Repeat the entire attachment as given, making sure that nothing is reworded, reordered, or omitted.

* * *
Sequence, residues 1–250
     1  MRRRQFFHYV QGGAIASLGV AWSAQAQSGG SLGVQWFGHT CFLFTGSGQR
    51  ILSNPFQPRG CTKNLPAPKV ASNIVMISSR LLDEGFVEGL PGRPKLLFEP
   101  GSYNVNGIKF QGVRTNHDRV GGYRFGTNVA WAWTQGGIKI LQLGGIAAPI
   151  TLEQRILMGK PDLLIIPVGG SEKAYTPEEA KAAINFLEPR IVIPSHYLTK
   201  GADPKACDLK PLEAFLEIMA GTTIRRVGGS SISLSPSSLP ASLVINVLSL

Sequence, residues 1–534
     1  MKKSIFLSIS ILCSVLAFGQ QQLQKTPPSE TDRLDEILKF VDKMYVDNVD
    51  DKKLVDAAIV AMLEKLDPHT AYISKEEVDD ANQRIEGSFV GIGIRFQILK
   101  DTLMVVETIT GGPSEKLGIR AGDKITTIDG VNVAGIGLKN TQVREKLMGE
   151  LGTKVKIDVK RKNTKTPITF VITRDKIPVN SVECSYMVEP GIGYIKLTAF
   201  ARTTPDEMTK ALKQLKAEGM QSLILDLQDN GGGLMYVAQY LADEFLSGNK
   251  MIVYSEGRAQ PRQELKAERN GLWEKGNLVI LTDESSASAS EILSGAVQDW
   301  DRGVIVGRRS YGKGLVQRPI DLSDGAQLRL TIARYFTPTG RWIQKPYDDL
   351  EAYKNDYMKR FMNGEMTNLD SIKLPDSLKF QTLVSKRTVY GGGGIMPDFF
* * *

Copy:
Sequence, residues 1–250
     1  MRRRQFFHYV QGGAIASLGV AWSAQAQSGG SLGVQWFGHT CFLFTGSGQR
    51  ILSNPFQPRG CTKNLPAPKV ASNIVMISSR LLDEGFVEGL PGRPKLLFEP
   101  GSYNVNGIKF QGVRTNHDRV GGYRFGTNVA WAWTQGGIKI LQLGGIAAPI
   151  TLEQRILMGK PDLLIIPVGG SEKAYTPEEA KAAINFLEPR IVIPSHYLTK
   201  GADPKACDLK PLEAFLEIMA GTTIRRVGGS SISLSPSSLP ASLVINVLSL

Sequence, residues 1–534
     1  MKKSIFLSIS ILCSVLAFGQ QQLQKTPPSE TDRLDEILKF VDKMYVDNVD
    51  DKKLVDAAIV AMLEKLDPHT AYISKEEVDD ANQRIEGSFV GIGIRFQILK
   101  DTLMVVETIT GGPSEKLGIR AGDKITTIDG VNVAGIGLKN TQVREKLMGE
   151  LGTKVKIDVK RKNTKTPITF VITRDKIPVN SVECSYMVEP GIGYIKLTAF
   201  ARTTPDEMTK ALKQLKAEGM QSLILDLQDN GGGLMYVAQY LADEFLSGNK
   251  MIVYSEGRAQ PRQELKAERN GLWEKGNLVI LTDESSASAS EILSGAVQDW
   301  DRGVIVGRRS YGKGLVQRPI DLSDGAQLRL TIARYFTPTG RWIQKPYDDL
   351  EAYKNDYMKR FMNGEMTNLD SIKLPDSLKF QTLVSKRTVY GGGGIMPDFF